Hence, I think esto is figurative language.

    He is saying fig.lang. is not allowed, however, there are some exceptions.

    Some exceptions to what? To the use of figurative language.[/QUOTE]

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    Senior Member Cotty's Avatar
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    Default Re: sobre esto?

    Hi Alan
    …I was thrown off by the fact that up until that point no exceptions had been explained, as far as I can tell, and I have have expected that he was referring back to some exceptions that he had previously discussed.

    Not necessarily, the explanation of such exceptions can be done afterwards. A random example comes to mind: Se permiten las regulaciones aplicadas en estos casos. Dichas regulaciones son: x, y,z. Aplicadas is a participal adjective that is giving an attribute to the word regulaciones and therefore is not indicating the time of an action. Nonetheless, your problem is esto, and whether the exceptions had been previously explained or not, the word esto refers to something mentioned not too long before. (Unles is of course a structure similar to your This is what I am going to do, etc.)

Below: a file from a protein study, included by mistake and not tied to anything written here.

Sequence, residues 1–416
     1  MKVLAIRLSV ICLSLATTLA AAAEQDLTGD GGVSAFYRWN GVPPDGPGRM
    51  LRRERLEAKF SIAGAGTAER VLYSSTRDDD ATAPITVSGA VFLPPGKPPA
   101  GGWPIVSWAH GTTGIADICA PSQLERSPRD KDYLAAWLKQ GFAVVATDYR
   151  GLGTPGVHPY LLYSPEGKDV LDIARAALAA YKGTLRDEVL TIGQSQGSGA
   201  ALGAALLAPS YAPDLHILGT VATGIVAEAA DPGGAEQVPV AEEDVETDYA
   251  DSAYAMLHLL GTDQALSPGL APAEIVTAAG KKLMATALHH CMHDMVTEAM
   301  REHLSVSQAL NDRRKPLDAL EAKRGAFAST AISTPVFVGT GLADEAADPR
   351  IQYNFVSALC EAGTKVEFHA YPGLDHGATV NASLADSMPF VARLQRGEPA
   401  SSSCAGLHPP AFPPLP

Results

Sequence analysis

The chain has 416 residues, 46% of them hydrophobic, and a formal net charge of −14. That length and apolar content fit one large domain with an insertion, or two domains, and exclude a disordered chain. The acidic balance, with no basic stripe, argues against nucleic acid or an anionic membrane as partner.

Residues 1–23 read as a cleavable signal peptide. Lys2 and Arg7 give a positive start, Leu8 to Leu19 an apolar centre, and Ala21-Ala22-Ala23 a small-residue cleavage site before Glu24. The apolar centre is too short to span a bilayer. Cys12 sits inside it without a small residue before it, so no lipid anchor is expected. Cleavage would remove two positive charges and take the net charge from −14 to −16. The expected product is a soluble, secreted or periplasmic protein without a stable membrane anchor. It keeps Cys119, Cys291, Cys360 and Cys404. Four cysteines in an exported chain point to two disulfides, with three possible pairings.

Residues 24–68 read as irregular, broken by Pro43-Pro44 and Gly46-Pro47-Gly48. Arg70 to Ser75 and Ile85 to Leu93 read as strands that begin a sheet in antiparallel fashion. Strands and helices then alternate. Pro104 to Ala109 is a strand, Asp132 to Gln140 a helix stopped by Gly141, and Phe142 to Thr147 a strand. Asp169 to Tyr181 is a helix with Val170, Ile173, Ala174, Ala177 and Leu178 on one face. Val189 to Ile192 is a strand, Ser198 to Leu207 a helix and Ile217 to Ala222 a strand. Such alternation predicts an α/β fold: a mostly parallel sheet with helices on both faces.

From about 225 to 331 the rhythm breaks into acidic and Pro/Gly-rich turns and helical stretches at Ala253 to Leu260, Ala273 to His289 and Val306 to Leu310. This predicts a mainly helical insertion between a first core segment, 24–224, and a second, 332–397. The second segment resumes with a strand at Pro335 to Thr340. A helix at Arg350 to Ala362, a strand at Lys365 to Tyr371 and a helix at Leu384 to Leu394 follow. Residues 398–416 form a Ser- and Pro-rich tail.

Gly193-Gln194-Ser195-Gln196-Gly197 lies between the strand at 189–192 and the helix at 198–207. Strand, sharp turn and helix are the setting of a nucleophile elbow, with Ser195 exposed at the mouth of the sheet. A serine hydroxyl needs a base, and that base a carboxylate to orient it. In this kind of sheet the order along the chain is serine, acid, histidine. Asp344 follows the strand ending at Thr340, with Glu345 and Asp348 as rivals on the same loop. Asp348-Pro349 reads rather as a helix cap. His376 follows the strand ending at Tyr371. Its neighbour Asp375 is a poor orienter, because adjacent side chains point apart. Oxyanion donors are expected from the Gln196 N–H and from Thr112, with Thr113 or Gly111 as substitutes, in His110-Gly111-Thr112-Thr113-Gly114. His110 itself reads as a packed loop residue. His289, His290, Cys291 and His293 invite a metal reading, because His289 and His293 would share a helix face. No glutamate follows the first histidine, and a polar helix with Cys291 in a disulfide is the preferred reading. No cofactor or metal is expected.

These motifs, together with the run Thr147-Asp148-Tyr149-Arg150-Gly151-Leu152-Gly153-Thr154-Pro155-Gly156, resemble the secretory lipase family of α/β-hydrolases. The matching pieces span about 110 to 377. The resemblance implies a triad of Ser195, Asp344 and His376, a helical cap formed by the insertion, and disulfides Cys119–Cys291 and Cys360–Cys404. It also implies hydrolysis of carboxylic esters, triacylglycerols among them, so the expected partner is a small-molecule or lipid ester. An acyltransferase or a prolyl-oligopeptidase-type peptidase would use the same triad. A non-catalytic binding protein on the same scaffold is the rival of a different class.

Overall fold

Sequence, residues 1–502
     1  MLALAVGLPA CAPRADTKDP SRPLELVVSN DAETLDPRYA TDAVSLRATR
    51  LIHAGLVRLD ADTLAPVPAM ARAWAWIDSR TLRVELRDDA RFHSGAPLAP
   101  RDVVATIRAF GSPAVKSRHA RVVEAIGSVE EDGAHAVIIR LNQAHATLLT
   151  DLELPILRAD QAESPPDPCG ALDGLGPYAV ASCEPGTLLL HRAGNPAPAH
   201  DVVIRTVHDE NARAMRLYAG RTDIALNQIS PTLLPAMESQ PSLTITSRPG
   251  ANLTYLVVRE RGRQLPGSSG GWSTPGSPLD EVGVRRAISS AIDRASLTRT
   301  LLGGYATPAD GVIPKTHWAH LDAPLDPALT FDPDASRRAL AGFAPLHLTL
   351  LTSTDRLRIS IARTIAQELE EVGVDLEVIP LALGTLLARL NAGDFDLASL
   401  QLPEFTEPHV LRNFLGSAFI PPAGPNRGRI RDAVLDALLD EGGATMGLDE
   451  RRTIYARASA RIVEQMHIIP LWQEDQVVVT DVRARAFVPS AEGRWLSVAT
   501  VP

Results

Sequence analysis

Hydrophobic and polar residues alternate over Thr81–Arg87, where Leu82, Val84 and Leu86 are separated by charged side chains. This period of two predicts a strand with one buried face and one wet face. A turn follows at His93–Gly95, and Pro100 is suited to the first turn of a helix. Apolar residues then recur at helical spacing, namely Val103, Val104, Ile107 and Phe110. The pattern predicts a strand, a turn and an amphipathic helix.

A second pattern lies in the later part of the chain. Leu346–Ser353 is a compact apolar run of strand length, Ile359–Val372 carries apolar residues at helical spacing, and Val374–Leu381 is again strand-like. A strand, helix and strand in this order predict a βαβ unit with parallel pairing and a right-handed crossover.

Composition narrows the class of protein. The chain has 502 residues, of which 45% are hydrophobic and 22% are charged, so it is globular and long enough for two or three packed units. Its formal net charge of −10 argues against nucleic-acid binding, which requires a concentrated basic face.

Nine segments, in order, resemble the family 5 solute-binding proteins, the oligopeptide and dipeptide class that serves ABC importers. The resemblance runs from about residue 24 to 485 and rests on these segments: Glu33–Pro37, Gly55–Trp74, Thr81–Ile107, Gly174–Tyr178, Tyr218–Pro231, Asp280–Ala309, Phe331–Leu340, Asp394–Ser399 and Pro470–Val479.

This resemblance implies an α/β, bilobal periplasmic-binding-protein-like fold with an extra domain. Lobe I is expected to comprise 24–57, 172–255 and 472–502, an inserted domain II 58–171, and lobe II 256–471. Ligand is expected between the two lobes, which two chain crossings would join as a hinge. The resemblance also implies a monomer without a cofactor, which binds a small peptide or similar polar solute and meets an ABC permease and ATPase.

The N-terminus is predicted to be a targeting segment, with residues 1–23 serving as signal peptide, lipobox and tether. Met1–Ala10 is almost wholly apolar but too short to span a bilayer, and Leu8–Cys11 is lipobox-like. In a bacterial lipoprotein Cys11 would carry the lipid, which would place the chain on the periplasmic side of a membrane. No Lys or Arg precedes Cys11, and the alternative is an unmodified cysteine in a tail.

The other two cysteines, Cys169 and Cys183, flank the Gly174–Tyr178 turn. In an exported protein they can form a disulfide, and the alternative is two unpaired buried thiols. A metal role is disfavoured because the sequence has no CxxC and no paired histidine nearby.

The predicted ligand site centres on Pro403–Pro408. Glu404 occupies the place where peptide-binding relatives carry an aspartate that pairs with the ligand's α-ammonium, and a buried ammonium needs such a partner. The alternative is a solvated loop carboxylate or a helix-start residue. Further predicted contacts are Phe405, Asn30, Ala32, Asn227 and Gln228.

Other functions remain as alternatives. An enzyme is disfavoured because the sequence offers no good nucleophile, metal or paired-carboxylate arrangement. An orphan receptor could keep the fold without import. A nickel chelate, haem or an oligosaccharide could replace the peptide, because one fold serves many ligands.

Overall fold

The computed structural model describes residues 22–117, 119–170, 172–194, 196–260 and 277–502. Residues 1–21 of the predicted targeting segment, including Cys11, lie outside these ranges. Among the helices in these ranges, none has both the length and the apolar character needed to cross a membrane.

I was then not sure (and still am not sure) whether "esplicadas" meant that he had already mentioned them and I had missed them (or more likely, he had forgotten to mention them before), or whether he meant exceptions that he was about to explain.

    Yes, I understand your confusion, but it’s very difficult for me to help you without taking a look at the text. BTW, it’s explicadas.


    ...it is possible for a pronoun to refer forward rather than backward, though it is rare:This is what I am going to do, I will go meet him at noon.
    (I teach semantics so this comes up in my classes :-) ). Of course usually pronouns refer back to something mentioned not long before, as you say.

    I’m sorry if I addressed your question from a too basic point of view. There is no way for me to know how much grammar the person posting knows. I teach too. One of the courses I teach is Reading English for Science and Technology, and referents are a big part of reading comprehension exercises.

    If you can supply more text, I'll be glad to continue helping you figure it out

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    Default Re: sobre esto -- esplicadas

    Hi again,